Today’s consumers are eating at home more often, and according to a new online survey, fresh and healthy ingredients from the produce department are among the most important characteristics of the ideal home meal.
The study focused on shoppers who frequently dine in casual restaurants to get their perspectives on cooking at home compared to their dining experiences away from home; 221 consumers were surveyed about what inspires and satisfies them when they cook at home.
Consumers are also learning that cooking is not really that difficult, thanks to food television and a growing food culture to demystify the art, techniques, and satisfaction of cooking. Value systems are shifting and the experience of a meal at home is winning out more and more over the perceived indulgence of dining out.
The Motivation to Cook At Home
Saving money is the driving force behind much consumer behavior in today’s marketplace and it’s no different when it comes to cooking. The top reason for cooking at home was to save money (81 percent). However, 72 percent said they are cooking at home to get their meals exactly the way they like them. The more frequently respondents cooked at home, the more important they rated characteristics like “getting good ingredients,” and “to get just what you want.”
Consumers talked about how easy it was to have it all when dining at home, and one comment captured it perfectly. Healthful foods and lots of fresh vegetables were a major plus for home meals. Study respondents also reported that they like the nutritional integrity of cooking at home.
Convenience was another positive factor consumers attributed to home cooking. Consumers reported that making home cooked meals often took less time to prepare and cook than restaurant take-out that required driving to a restaurant, waiting and then reheating and serving at home.
The Home Dining Experience
Restaurants have long held the enviable position as the destination for dining experiences, yet consumers are talking about their home-dining experiences with the same passionate vocabulary that was once reserved for special occasion dining out. In this study, consumers talked about wine and candlelight with their home-cooked meals. They also talked about not being rushed and the joy of eating with real silverware instead of disposables.
The majority of respondents in all age groups reported they were cooking more meals at home. Overall, 63 percent reported cooking the meal themselves; 12 percent said cooking was a family experience and only 4 percent admitted to bringing the meal home from a restaurant to reheat and serve. There were far more comments from consumers about the desire for someone else to clean up after the meal than there were requests for others to do the actual cooking.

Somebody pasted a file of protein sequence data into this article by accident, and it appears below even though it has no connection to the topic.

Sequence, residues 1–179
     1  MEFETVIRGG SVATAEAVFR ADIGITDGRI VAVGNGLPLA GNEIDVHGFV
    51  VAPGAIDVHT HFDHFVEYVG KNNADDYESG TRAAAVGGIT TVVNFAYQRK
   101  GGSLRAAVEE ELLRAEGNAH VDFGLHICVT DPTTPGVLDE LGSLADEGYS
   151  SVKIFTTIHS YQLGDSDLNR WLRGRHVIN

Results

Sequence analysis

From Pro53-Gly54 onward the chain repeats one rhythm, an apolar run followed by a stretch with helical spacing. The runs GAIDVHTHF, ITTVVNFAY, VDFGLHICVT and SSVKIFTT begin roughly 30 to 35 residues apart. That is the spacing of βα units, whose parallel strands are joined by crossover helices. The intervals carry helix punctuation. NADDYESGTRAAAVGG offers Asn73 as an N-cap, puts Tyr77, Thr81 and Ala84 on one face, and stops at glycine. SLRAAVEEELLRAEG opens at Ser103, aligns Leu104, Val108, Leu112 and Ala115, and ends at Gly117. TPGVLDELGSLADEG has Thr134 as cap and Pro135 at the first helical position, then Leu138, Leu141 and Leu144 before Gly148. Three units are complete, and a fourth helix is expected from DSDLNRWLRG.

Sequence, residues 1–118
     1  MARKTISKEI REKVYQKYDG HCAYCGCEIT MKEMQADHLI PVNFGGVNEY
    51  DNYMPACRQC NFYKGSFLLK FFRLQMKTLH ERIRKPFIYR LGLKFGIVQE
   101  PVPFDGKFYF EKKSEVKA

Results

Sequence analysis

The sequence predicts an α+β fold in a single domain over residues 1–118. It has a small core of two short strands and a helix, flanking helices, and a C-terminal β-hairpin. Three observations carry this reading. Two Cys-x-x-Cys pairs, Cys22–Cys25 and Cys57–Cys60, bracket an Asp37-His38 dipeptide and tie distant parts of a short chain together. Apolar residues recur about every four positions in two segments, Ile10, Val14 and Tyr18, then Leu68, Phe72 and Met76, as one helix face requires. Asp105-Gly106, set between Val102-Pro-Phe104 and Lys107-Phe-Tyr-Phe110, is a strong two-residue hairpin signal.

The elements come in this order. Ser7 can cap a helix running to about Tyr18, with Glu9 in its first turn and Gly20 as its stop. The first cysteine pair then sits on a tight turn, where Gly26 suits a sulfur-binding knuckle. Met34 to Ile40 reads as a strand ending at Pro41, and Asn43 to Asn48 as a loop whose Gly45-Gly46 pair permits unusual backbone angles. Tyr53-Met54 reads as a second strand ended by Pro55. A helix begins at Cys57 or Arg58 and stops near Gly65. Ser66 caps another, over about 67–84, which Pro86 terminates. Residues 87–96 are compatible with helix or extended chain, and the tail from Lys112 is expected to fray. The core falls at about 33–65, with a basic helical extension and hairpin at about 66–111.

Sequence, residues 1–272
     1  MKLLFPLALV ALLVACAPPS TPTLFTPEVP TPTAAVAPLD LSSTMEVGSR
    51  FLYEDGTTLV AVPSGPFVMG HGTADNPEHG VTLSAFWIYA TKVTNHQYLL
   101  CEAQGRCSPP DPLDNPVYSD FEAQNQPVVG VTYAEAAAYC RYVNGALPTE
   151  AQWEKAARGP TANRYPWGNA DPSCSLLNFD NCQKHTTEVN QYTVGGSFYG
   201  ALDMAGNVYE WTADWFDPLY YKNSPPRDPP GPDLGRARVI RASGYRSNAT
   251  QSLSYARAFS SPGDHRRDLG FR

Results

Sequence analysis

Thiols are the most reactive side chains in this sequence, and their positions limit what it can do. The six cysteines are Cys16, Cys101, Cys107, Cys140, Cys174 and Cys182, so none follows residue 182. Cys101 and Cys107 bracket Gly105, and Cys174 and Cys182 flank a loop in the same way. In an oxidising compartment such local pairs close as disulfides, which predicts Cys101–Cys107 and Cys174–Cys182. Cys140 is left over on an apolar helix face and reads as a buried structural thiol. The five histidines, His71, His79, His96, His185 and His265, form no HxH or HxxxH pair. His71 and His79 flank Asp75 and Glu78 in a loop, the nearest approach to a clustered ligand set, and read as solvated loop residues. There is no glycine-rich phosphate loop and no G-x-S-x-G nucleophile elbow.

The joy of sharing the meal with others was a subject of many comments from consumers. Older consumers talked of the re-emergence of childhood traditions, yet all talked of the simple pleasure of a shared dining experience, “eating good food and enjoying each other’s company.”
Fresh ingredients were considered important or very important to 94 percent of consumers when asked to describe their ideal dining experience at home. Healthful ingredients were noted by 90 percent, local fruits and/or vegetables were noted by 74 percent. Although organic fruits and vegetables have positive characteristics for consumers, 75 percent of respondents to the survey did not see them as important in creating an ideal home-dining experience.
The desire for a balanced life related directly to opportunities for produce. Consumers identified healthful foods as synonymous with fresh vegetables. Seasonal items were standout ingredients in the ideal meal experience defined by survey respondents. There was a resounding desire for well-balanced and healthful meals.
Luxuries such as home-delivered restaurant meals or an in-home chef preparing a meal were actually chosen by very few respondents (4 percent and 2 percent, respectively). These choices speak to an emergence of consumer preferences for a new simplicity that delivers an authentic experience over a fancy dining experience.
When asked about cooking styles, more than three-fourths of respondents reported cooking from scratch and reheating leftovers for another meal at least once a week. Thirty percent of respondents say they are cooking more from scratch then they were a year ago.
Making the Fresh Connection
Consumers in this study had some good advice for their local retailer. They asked for more access to local produce and the convenience of being able to find all the ingredients at one store. “Wow” packaging had no appeal when it came to produce where minimalism and freshness were the keys to desirability. The majority of consumers surveyed did not consider their home cooking fancy — just fresh, satisfying and just the way they like it.